Asian Markets Closing Report

Search This Blog


Search Tool

Mar 25, 2020

Coronavirus Updates: Deal Near on Stimulus Package; Dow, Stocks Jump; U.S. Cases Near 50,000 .

By Douglas Belkin and Melissa Korn

21 minutes ago (all time is approximately from here on)

Coronavirus Creates College Uncertainty, Admissions Gets Easier

The change is a reprieve for applicants who have been fighting against growing odds against their admission to selective schools. Above, Syracuse University.Dan Lyon for The Wall Street Journal
The pandemic has scrambled the college admissions process but students considering offers or awaiting decisions can expect higher acceptance rates, as colleges take measures to ensure they will still have enough students enrolled come fall.
“Students are going to be getting into schools they never would have been admitted to last year,” said Sara Harberson, an independent college counselor who used to run the admissions office at Franklin & Marshall.
28 minutes ago

Employees Don Masks, Meet Resistance

A Carl's Pharmacy employee, wearing a mask and gloves, reaches to accept payment from a customer in Aspen, Colo.Kelsey Brunner/Associated Press
U.S. workplaces are facing a dilemma, who should be permitted to wear mask and gloves on the job if they wished?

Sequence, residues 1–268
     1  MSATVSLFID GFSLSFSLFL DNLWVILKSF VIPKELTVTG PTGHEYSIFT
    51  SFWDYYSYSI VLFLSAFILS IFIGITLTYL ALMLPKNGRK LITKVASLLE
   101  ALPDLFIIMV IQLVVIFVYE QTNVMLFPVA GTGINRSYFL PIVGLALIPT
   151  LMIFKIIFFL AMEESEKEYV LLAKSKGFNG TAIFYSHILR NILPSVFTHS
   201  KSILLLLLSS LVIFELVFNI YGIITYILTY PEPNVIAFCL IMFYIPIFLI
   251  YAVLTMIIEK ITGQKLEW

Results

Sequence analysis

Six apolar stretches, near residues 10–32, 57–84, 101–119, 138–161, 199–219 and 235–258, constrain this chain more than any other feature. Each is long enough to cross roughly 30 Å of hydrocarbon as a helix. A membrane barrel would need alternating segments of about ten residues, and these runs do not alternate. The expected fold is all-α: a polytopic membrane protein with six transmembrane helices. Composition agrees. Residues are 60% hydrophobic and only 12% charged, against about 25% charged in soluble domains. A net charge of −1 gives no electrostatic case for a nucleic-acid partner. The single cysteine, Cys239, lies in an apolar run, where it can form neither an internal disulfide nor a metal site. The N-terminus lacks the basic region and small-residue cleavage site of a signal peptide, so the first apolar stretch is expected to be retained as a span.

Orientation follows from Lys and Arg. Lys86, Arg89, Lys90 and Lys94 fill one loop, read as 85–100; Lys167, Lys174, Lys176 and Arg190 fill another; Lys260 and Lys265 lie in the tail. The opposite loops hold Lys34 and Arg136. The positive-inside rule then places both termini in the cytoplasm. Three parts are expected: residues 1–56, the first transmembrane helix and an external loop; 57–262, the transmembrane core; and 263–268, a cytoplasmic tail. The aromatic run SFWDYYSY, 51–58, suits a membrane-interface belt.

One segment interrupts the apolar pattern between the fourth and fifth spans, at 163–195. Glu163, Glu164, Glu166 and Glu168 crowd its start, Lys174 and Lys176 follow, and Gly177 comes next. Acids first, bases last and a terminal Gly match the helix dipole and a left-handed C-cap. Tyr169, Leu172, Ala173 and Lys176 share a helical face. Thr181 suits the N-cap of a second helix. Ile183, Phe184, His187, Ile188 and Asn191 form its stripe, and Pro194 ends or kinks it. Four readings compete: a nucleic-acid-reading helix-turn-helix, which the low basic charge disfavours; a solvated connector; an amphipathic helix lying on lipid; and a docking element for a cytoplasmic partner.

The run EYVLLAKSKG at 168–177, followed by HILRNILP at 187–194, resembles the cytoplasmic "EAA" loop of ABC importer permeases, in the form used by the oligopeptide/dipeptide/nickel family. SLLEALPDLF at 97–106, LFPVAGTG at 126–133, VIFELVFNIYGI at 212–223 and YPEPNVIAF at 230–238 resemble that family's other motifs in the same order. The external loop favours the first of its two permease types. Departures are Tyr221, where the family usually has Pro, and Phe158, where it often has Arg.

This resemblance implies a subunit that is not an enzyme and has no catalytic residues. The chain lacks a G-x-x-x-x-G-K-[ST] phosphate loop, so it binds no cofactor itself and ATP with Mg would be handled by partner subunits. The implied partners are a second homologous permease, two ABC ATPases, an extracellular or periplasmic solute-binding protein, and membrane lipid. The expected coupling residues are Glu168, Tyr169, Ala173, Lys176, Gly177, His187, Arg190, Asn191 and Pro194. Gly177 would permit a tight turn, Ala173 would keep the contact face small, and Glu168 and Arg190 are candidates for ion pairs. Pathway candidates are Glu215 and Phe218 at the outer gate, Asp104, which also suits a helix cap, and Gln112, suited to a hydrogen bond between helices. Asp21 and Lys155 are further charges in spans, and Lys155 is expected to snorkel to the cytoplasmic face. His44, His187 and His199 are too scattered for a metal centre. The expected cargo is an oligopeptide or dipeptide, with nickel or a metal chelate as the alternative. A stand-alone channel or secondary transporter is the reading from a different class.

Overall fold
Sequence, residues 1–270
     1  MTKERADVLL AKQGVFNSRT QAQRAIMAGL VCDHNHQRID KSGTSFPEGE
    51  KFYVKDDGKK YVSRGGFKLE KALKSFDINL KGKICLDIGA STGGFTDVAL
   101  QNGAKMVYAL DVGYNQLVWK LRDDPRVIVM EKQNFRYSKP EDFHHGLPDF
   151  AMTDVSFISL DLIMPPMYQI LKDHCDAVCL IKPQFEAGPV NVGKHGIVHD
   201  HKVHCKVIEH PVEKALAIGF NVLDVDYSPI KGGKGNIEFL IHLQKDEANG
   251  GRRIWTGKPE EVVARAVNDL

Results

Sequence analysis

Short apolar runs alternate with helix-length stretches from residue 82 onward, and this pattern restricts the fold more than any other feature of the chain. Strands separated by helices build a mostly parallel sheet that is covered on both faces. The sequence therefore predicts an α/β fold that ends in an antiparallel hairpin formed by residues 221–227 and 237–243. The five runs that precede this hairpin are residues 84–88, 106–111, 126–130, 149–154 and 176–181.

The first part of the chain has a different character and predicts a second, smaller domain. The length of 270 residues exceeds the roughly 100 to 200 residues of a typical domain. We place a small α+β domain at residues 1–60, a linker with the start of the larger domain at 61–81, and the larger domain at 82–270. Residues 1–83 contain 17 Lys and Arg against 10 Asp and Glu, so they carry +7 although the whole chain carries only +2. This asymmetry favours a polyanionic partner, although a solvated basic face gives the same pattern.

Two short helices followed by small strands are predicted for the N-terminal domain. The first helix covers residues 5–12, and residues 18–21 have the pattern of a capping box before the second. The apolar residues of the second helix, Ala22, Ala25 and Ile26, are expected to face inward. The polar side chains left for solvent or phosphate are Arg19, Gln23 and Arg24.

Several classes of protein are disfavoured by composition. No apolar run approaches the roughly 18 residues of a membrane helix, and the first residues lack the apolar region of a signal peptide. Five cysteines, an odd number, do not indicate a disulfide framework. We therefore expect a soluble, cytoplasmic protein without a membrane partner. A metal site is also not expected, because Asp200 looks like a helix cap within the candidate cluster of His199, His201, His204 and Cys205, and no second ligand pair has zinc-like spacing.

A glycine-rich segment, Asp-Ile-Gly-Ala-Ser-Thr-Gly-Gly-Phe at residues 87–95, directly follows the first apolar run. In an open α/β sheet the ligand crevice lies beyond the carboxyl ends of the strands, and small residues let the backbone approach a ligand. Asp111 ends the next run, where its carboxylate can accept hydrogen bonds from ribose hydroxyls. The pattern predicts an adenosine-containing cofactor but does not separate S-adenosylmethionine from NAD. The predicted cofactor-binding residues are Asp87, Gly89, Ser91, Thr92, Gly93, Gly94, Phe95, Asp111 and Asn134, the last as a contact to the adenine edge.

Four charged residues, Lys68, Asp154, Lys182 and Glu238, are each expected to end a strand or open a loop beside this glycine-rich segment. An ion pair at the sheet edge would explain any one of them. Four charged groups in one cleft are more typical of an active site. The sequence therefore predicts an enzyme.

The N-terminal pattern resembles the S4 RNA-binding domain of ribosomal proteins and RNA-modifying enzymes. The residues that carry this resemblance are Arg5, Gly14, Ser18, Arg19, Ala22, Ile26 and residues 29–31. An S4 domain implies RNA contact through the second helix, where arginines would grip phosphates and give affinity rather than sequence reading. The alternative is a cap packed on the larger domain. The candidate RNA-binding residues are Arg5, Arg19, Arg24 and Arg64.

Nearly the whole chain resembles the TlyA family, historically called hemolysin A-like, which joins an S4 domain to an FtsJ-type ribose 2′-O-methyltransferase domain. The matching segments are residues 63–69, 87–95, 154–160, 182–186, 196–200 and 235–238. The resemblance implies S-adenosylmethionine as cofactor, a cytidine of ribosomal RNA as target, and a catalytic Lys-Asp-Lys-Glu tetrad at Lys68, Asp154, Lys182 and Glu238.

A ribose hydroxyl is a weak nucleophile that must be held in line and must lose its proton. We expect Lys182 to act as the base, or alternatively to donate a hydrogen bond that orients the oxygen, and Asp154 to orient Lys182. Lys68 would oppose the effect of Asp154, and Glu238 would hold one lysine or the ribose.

In health-care settings, it is a case of how best to use resources when they are stretched to breaking point, elsewhere some managers have said that employees wearing masks could unnecessarily alarm people.
The Centers for Disease Control and Prevention says face masks should be reserved for health-care workers. But research indicating that the virus can spread before symptoms show means some public-facing workers are clashing with management over the issue.
48 minutes ago

Markets Update: Stocks Grow Jittery

Investors’ initial optimism about an estimated $2 trillion U.S. stimulus package waned as concerns about the economic damage from the coronavirus pandemic were renewed.
Futures linked to the Dow Jones Industrial Average wavered between gains and losses, suggesting U.S. blue-chip shares are poised for a day of volatility when the market opens in New York. On Tuesday, the gauge soared 11%, its best day in 87 years.
Stocks in Europe gave up gains from earlier in the day, with the pan-continental Stoxx Europe 600 edging down 0.2%. U.S. crude futures dropped 2.6%.
52 minutes ago

Coronavirus Lockdown Begins in India, as Global Cases Pass 420,000

Why Dr. Fauci Is in the Middle of Coronavirus Controversies
0:00 / 2:37
Why Dr. Fauci Is in the Middle of Coronavirus Controversies
Why Dr. Fauci Is in the Middle of Coronavirus Controversies
Globally, coronavirus cases surpassed 420,000 Wednesday, with more than 18,900 dead, according to data from Johns Hopkins University early Wednesday.
India implemented the world's most extensive lockdown with a nationwide stay-at-home order that affected 1.3 billion people.
In the U.K., Prince Charles, the heir to the British throne, tested positive for the coronavirus but was said to be in good spirits with only mild symptoms. A spokesman wouldn't comment on whether Queen Elizabeth had been tested for the virus.
1 hour ago

How the Coronavirus Ravaged a Family

Hong Ling and Li Song together in 2016 at Wuhan’s East Lake.Courtesy of Li Song
As the epicenter of the pandemic shifts to Europe and the U.S., the way the coronavirus has infected and spread within families in Asia is likely to be repeated with devastating consequences.